One of the Foundation’s central values is to foster the next generation of researchers, and we are proud to announce that Yekaterina “Katya” Gilbo recently completed her work on a focused ultrasound thermometry project sponsored by the Foundation and earned her Master of Science degree in Biomedical Engineering from the University of Virginia.
Under the mentorship of Craig Meyer, PhD, and Wilson Miller, PhD, Katya defended her thesis, “Development of T1-thermometry for Monitoring the Skull during MRgFUS using a 3D Spiral Ultra-Short Echo Time Sequence” on May 14, 2020.
We interviewed Katya to learn more about her project and her future work as a data analyst in a Northern Virginia firm.
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Development of T1-thermometry for Monitoring the Skull during MRgFUS using a 3D Spiral Ultra-Short Echo Time Sequence
In MR-guided focused ultrasound (MRgFUS), acoustic waves are focused through the skull to destroy target brain tissue as a treatment for movement disorders. Bone attenuates ultrasound energy 20 times more efficiently than soft tissue. Despite current clinical precautions, such as circulating cold water around the scalp and predicting the cooling time needed for the skull between sonications from a model, a recent study has shown that MRgFUS led to unintended skull lesions in 7 out of 30 patients. Current precautions are also incapable of limiting skull heating with off-center targets, and this discourages the use of MRgFUS for a wider variety of potential therapeutic targets, such as tumors. Furthermore, the cooling time estimate is not patient specific and can thus prolong an expensive, uncomfortable treatment needlessly. Thus, there is a need for skull thermometry.
Skull thermometry is challenging due to the extremely short T2* decay of cortical bone, which precludes the use of standard proton resonance frequency (PRF) methods, and because of the need for rapid imaging over a large field of view. Other researchers have shown a linear temperature dependence of T1 relaxation in cortical bone. Our initial goal was to investigate the feasibility and repeatability of T1-weighted thermometry under various conditions, such as different magnetic fields, mechanisms of heating, and methods of analysis. Inconsistent results from T1-weighted thermometry led us to focus on investigating the repeatability of T1-mapping thermometry instead and to determine whether T1-mapping thermometry can be accelerated to meet clinical constraints.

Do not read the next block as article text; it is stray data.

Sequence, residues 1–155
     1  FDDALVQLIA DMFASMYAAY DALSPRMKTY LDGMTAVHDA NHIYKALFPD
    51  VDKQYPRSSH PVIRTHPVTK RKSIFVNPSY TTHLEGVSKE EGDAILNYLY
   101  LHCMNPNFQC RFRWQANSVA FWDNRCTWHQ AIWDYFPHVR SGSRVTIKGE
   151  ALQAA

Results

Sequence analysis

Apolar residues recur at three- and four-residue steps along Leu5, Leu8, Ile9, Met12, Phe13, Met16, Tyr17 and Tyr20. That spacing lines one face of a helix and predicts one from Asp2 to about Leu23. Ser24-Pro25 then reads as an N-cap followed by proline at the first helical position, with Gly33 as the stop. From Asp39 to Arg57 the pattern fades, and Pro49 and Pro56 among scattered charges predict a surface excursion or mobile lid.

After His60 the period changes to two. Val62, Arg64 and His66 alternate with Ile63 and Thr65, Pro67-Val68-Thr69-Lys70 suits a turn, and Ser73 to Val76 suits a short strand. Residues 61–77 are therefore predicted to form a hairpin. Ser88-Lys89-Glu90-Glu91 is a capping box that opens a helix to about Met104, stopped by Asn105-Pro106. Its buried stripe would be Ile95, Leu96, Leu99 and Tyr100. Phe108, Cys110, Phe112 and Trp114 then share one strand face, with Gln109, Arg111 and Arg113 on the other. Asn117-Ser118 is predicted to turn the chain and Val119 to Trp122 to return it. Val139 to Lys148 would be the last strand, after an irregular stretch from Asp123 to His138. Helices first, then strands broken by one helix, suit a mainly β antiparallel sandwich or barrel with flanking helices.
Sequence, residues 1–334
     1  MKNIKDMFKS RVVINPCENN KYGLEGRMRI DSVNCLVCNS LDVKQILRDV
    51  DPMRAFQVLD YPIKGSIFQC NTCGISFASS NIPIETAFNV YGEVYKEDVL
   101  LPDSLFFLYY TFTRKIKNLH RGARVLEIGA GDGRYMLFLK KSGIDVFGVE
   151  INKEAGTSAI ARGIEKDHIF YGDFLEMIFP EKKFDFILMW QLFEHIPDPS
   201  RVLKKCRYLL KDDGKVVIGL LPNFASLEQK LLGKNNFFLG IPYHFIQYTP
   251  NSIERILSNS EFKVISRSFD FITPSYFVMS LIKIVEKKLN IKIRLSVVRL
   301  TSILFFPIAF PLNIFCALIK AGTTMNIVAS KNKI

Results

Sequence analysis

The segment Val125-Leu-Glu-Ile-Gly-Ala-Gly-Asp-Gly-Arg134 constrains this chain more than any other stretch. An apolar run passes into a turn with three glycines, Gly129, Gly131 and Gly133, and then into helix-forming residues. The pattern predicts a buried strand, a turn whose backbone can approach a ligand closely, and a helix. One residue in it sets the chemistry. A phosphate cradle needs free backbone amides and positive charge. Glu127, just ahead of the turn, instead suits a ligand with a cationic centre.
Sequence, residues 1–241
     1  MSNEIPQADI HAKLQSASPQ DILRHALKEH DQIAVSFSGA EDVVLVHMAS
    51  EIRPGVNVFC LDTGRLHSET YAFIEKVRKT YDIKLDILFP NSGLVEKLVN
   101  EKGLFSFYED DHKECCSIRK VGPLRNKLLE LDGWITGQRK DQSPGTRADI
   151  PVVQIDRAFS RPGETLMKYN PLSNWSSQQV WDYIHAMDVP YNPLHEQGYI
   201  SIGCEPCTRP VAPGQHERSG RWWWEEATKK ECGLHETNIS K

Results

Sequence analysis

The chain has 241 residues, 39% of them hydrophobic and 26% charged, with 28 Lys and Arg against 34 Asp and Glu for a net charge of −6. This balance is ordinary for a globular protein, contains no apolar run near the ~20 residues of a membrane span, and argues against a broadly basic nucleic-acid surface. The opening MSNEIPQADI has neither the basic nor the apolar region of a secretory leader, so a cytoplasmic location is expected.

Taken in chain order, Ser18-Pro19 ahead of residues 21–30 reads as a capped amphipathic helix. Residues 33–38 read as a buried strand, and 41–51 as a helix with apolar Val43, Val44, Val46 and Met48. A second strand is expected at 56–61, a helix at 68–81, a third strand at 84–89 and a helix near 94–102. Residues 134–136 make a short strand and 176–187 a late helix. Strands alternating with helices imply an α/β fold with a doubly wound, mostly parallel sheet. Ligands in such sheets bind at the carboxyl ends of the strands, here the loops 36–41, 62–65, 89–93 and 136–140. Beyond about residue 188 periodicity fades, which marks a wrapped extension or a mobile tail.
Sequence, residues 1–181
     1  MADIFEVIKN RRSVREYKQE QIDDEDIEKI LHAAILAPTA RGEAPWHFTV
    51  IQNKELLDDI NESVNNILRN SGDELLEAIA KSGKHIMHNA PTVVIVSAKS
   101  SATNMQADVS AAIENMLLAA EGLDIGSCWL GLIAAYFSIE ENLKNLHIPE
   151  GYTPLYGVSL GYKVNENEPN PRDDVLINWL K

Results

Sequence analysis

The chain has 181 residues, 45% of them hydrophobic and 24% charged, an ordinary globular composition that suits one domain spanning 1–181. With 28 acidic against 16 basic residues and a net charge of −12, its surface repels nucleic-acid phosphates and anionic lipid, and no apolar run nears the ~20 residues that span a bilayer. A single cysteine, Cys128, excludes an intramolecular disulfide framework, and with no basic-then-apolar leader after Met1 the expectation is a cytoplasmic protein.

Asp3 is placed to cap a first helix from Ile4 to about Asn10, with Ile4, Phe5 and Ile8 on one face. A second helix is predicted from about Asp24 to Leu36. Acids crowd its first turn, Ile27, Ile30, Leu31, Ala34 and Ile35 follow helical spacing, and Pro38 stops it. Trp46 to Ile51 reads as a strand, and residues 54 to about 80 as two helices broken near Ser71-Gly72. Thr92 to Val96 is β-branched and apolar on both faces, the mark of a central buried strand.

Using a non-selective, ultra-short-echo-time (UTE) 3D spiral sequence, we demonstrate that rapid T1 thermometry is feasible, and that it is more repeatable and quantitative than T1-weighted imaging.
Tell us about your undergraduate and graduate work.
I went to the University of Virginia (UVA) to earn both my undergraduate and graduate degrees. My undergraduate work was in physics, and I earned my bachelor’s degree in 2017. I was then accepted into, and enrolled in, the doctorate (PhD) program in biomedical engineering. I elected to stop at the Master’s level when I discovered that my interests were taking me beyond the benchtop and into other areas of science and technology.
How did you become interested in physics and biomedical engineering?
My father is a chemical engineer with expertise in disposing of nuclear waste. I was born in Russia, but we immigrated to the United States when I was eight years old. We lived in Mississippi, Maryland, and northern Virginia. I have identical twin sisters who are five years old. My uncle and his family had also come to the US, and the two brothers truly believed in the American dream of pursuing opportunities and expressing their creativity. My parents instilled scientific curiosity in me and always supported me academically to pursue my interests.
How was the process of completing your master’s degree?
My advisor was Craig Meyer, PhD. The Department of Biomedical Engineering was supportive and encouraging. Dr. Wilson Miller also mentored me on my skull thermometry project. Our laboratory is working to find ways to speed up focused ultrasound treatment of the brain and to make it as safe as possible. The ability to more closely monitor the temperature of the skull will make focused ultrasound safer and allow it to be expanded to noncentral targets, like the areas where brain tumors are found.
How did you choose UVA?
I toured a few schools. UVA was versatile in physics, humanities, engineering, and more. It has so many great departments, and frankly it is a great value for everything that it offers in-state students.
What are your future plans?
I am excited to have been hired by a government contracting company. At the beginning of July, I will start work there as a junior data scientist/senior data analyst. I chose this position because I enjoy structured, outlined work with a clear direction. I am looking forward to using my scientific skills to solve problems for different government departments and agencies, such as the US Postal Service.
What are your goals now?
I want to do meaningful work and build on my skills of programming, writing, data analysis, and visualization at my new job. I am also still working on projects for Dr. Myer’s lab, including writing a manuscript that is based on my thesis work.